Randall Robinson, an anti-apartheid activist for the freedom of South Africa, has passed away, reports NPR. He was 81.
His family confirmed that he passed away in his adopted home of St. Kitts in the Caribbean of aspiration pneumonia. A funeral service will take place in St. Kitts in April, and a memorial service will be held in Washington, D.C., in May.
"He was an incredible father," Khalea Ross Robinson, his daughter, said in a statement. "He did a lot on behalf of people he hadn't even met."
Robinson was born in Richmond, Virginia on July 6, 1941, to Maxie Cleveland Robinson and Doris Robinson Griffin, who were both educators. Max Robinson, his elder brother, was an anchorman on ABC World News Tonight, where he became the first Black man to anchor a nightly network news broadcast.
He earned his undergraduate degree from Virginia Union University and earned a J.D. degree at Harvard Law School.
He launched his career in Boston as a civil rights attorney. He then went to work for U.S. Congressman Bill Clay in 1975 and became an administrative assistant to Congressman Charles Diggs in 1976.
After leaving the world of congressional politics, Robinson founded the TransAfrica Forum in 1977. The mission of the organization was to engage in "major research, educational and organizing institution for the African-American community, offering constructive analysis concerning U.S. policy as it affects Africa and the African Diaspora in the Caribbean and Latin America." He served as president of TransAfrica until his retirement in 2001.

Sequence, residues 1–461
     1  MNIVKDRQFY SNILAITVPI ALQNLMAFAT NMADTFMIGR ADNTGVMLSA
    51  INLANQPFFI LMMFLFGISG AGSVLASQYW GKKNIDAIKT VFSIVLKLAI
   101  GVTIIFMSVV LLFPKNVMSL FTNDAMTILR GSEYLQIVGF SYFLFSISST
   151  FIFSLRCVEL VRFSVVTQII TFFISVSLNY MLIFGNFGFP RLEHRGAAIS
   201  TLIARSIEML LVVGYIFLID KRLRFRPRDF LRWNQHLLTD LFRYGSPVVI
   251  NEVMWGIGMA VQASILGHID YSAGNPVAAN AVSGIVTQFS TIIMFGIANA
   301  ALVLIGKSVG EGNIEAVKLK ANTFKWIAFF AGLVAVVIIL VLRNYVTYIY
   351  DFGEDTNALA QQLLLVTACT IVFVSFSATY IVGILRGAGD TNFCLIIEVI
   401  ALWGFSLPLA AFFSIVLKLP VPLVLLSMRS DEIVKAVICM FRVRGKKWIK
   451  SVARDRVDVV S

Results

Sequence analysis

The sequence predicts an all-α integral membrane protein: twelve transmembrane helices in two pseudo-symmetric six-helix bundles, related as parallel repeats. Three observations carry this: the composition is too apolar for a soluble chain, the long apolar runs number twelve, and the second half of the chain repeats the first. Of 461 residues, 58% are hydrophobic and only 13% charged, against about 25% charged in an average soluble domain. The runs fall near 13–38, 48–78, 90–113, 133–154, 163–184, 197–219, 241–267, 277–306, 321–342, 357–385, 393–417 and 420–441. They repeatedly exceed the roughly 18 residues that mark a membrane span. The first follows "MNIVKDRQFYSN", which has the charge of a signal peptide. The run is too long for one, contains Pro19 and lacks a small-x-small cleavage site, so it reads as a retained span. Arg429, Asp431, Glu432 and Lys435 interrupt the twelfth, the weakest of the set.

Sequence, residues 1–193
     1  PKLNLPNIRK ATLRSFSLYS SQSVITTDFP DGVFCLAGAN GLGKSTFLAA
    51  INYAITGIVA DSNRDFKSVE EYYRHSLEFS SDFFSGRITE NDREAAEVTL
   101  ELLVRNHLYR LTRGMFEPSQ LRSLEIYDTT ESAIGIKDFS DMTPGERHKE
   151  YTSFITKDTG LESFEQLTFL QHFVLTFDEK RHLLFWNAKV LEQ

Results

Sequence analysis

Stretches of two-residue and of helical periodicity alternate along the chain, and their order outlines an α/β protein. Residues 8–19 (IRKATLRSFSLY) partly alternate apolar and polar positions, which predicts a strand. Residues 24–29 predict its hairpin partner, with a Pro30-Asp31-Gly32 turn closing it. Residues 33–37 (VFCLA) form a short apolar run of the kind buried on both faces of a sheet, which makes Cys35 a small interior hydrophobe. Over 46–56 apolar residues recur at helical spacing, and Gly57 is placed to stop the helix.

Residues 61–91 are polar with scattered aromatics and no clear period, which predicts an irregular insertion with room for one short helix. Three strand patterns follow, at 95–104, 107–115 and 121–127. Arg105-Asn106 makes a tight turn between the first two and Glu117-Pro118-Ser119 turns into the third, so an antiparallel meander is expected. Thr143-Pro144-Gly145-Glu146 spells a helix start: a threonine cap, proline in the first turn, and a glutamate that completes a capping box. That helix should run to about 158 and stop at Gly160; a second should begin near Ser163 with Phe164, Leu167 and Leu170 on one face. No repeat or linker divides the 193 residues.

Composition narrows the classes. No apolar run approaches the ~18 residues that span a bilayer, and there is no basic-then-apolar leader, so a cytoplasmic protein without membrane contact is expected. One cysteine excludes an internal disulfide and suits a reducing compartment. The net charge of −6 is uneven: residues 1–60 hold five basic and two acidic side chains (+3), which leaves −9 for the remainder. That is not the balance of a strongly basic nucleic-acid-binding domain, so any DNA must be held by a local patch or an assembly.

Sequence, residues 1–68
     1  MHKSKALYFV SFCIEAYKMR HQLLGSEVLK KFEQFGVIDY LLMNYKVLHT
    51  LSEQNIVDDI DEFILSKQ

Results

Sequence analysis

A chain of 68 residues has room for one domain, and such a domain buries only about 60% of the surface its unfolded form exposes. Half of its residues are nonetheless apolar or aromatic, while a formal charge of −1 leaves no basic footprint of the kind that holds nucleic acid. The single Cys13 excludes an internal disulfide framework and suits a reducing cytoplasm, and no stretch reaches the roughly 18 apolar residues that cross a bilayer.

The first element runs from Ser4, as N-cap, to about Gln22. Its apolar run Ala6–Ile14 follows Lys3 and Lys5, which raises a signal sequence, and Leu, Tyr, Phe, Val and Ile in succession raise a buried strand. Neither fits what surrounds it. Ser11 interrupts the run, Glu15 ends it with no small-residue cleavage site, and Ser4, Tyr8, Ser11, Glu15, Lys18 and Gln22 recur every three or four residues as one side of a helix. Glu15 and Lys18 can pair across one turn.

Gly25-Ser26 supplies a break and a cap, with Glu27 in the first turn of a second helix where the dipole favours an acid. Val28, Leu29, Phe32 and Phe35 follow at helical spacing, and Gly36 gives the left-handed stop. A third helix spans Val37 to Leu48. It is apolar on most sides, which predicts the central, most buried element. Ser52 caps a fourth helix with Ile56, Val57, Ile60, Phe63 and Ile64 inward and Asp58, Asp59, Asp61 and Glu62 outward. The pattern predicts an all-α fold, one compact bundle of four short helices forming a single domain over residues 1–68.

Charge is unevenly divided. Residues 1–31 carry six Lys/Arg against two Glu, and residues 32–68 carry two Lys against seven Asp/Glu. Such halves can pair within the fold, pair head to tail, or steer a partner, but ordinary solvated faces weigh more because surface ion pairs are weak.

Robinson played a pivotal role in the Free South Africa Movement as the nation fought against apartheid.
He also was a fierce critic of U.S. policy in Haiti, and he helped to expose the role of the U.S. in the coup that ousted Haitian President Jean-Bertrand Aristide. In response to the coup, Robinson went on a 27-day hunger strike to force the U.S. to place Aristide back in power as the democratically elected president.
At Penn State University, he began teaching at the Dickinson School of Law in 2008.
In an interview, Robinson explained why he chose to make St. Kitts his home.
"I never believed my place was necessarily physically in America," he said. "I am as much a Nigerian, a Haitian, a South African, a Kittitian, a Jamaican as I am an American. There shouldn't be these partitions between the people of the Black world. I have lived that, and I have committed myself to that in everything that I've done throughout my life."
A prolific author, Robinson wrote several books including The Emancipation of Wakefield Clay: a novel, Defending the Spirit, The Debt: What America Owes to Blacks, The Reckoning: What Blacks Owe to Each Other, Quitting America: The Departure of a Black Man From His Native Land, and An Unbroken Agony: Haiti, From Revolution to the Kidnapping of a President,
We at EBONY extend our prayers and deepest condolences to the family and friends of Randall Robinson.